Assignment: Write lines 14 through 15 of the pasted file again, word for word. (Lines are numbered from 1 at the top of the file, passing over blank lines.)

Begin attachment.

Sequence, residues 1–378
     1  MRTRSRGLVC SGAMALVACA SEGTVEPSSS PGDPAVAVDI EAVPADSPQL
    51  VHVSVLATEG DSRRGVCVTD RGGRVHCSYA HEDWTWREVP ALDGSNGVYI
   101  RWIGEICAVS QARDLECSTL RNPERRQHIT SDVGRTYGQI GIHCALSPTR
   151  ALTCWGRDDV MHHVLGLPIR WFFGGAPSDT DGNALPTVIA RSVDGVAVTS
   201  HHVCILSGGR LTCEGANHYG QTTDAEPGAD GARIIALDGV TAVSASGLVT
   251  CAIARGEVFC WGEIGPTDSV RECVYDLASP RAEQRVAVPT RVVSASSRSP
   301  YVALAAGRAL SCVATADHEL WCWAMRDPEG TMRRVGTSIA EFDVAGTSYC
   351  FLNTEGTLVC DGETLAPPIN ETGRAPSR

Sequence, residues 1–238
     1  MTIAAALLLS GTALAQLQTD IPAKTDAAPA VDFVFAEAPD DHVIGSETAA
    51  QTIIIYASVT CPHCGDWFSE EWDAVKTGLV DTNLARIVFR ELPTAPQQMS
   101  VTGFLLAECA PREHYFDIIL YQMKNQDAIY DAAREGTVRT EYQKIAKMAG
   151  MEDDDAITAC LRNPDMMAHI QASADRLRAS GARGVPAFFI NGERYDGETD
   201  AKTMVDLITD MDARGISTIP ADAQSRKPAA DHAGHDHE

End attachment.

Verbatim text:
   151  MEDDDAITAC LRNPDMMAHI QASADRLRAS GARGVPAFFI NGERYDGETD
   201  AKTMVDLITD MDARGISTIP ADAQSRKPAA DHAGHDHE